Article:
“He’s very good at what he does.” Despite 100 minutes of blistering and savagely funny assaults on the mogul-turned-pitchman-turned-megalomaniac, monologist Mike Daisey still pays Donald Trump credit in his one-man performance of The Trump Card, now playing at Woolly Mammoth Theatre. As an artist, Daisey can see himself in the skills that it takes for Trump to hold entire stadiums of adoring fans rapt with attention. Just as a monologist needs to “read” a room and gauge how much of the room is already on his side, a politician needs the same performance skills to rise to the dizzying heights that Trump has surveyed for the past year.
Fortunately for audiences, Daisey is blessed with similar abilities to command a packed room at attention with nothing but the sheer force of his voice. Seated behind a desk armed with only a few sheets of paper and a glass of water, Daisey doesn’t even need to roam the stage to dominate the room.
Daisey has built a career on extended riffs probing the excesses of larger-than-life-figures drunk with power such as Steve Jobs, P.T. Barnum, L. Ron Hubbard. The man has finally found the ultimate target in a man who, as Daisey puts it, has been famous simply for being rich for more than a quarter century. Daisey brings the audience along on a tour-de-force exploration of Trump’s long and strange journey from acerbic real estate developer to tribune of an aggrieved working class.
Don’t despair – it’s not only funny, but illuminating. Daisey acknowledges early on the absurdity of American theatergoers (“also known as, the Left”) ruminating that they “just haven’t heard enough about this person” to have formed an opinion yet and heading out to see such a performance. The man is everywhere – no small feat for such an unreconstructed figure of the 1980s. But Daisey points out that there is still plenty that urban audiences don’t know or understand about Trump’s rise and his appeal throughout the Heartland. It’s certainly true of the types of people with the disposable income to spend an evening “engaging with culture” – during the midst of a full-blown national electoral crisis, no less. We haven’t been watching his speeches. We haven’t been replaying episodes of The Apprentice. But Daisey has; a man who truly has sacrificed for his art, seeing as we have lately been on the topic of what exactly constitutes “sacrifice”.
He has also sat down for plenty of rounds of Trump: The Game. Discovering a copy of what Daisey describes as essentially “Monopoly for dogs” initially compelled him to begin developing the monologue, well before the escalator descent at Trump Tower in June of 2015 turned into a populist upswell. Daisey takes the audience along on a vivid journey that provides context for how Trump molded himself into a vessel for the xenophobic rage that rightwing figures have cultivated since the dawn of the Southern Strategy in the late 1960s. Daisey even allows some begrudging sympathy for the brute that Trump grew up to become, under the tutelage of his famously discriminatory father Fred Trump (immortalized as the shifty landlord “Old Man Trump” in lyrics by his tenant Woody Guthrie) and his attorney Roy Cohn, a former henchman of Joe McCarthy who Daisey describes as “the Emperor Palpatine to Trump’s Darth Vader”.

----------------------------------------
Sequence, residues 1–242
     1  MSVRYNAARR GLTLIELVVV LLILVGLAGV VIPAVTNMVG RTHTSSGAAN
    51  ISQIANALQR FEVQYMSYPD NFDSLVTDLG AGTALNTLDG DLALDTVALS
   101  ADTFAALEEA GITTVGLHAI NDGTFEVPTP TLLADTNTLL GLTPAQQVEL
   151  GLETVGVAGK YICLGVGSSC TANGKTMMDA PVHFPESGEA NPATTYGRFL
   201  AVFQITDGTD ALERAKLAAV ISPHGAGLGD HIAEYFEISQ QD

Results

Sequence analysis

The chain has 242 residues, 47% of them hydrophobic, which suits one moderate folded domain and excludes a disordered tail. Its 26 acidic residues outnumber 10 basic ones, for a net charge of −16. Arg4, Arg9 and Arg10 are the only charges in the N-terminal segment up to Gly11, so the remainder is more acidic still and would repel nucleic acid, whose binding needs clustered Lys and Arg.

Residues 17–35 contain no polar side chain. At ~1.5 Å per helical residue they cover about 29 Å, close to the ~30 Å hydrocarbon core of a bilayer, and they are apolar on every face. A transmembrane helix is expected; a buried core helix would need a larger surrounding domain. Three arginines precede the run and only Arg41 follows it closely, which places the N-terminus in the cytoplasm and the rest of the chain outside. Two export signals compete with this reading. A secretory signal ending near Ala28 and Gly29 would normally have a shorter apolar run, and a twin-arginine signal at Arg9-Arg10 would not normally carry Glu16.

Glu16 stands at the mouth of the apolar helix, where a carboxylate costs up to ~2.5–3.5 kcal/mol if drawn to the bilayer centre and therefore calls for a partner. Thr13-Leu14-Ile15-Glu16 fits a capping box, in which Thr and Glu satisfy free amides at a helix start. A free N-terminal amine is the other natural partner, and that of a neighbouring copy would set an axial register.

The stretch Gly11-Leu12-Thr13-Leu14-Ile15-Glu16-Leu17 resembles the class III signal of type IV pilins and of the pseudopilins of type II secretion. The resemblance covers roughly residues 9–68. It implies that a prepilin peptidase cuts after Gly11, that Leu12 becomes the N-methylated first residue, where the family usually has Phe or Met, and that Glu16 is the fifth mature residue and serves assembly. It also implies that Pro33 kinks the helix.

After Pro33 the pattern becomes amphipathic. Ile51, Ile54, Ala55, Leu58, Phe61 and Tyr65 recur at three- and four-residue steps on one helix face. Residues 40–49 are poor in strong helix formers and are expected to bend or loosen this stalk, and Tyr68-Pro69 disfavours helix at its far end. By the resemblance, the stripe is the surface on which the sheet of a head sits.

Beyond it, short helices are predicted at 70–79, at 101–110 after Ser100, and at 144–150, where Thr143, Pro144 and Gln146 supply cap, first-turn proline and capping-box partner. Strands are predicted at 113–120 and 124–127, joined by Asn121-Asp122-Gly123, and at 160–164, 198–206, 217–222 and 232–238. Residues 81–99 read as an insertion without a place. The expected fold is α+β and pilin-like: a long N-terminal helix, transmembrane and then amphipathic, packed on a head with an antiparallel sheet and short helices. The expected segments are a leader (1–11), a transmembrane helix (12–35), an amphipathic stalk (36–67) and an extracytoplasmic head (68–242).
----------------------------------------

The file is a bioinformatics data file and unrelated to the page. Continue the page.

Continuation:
One has to admire Daisey’s tenacity in continuing to integrate the latest bonkers twists-and-turns of 2016 into his set, seamlessly adding in nods to the squabbles Trump has picked with his latest enemies – the grieving parents of Khizr Kahn and an Ashburn baby who had the temerity to cry during a Trump rally earlier in the day of the performance.
The Trump Card
August 2 – 7, 2016
Details and tickets
Directed by Isaac Butler, the production affords a lot of laughs along the way at the expense of Trump and his supporters – but doesn’t allow the audience off the hook for their own complicity. “You did this,” he tells the room. For the DC denizens whose interactions with honest-to-God Trump supporters are limited to Facebook debates with old high school classmates, Daisey’s perspective is invaluable. In the end, the political is the personal – he draws from his own family and life experiences in illustrating how citing statistics and facts until one is blue in the face will never be enough to sway someone who is ready to watch the entire system collapse. The time for persuasion and reaching out to forgotten communities has long since come and passed – a vital message for audiences that will undoubtedly include bewildered stewards of the institutions that so many are ready to burn to the ground.
The show gets under your skin, just as Trump does. I’ve found myself increasingly waking up in the morning slightly disoriented, wondering for an instant if I had only dreamed it. Donald Trump? But it’s no Phillip Roth alternative history. This is happening. And Daisey hints that come what may, this is not an aberration. Trump won’t be the last of his ilk. He’s merely one symptom of a disease that won’t be cured in one day on November.
The Trump Card . Created and performed by Mike Daisey . Directed by Isaac Butler. Presented by Woolly Mammoth Theatre . Reviewed by Daron Christopher.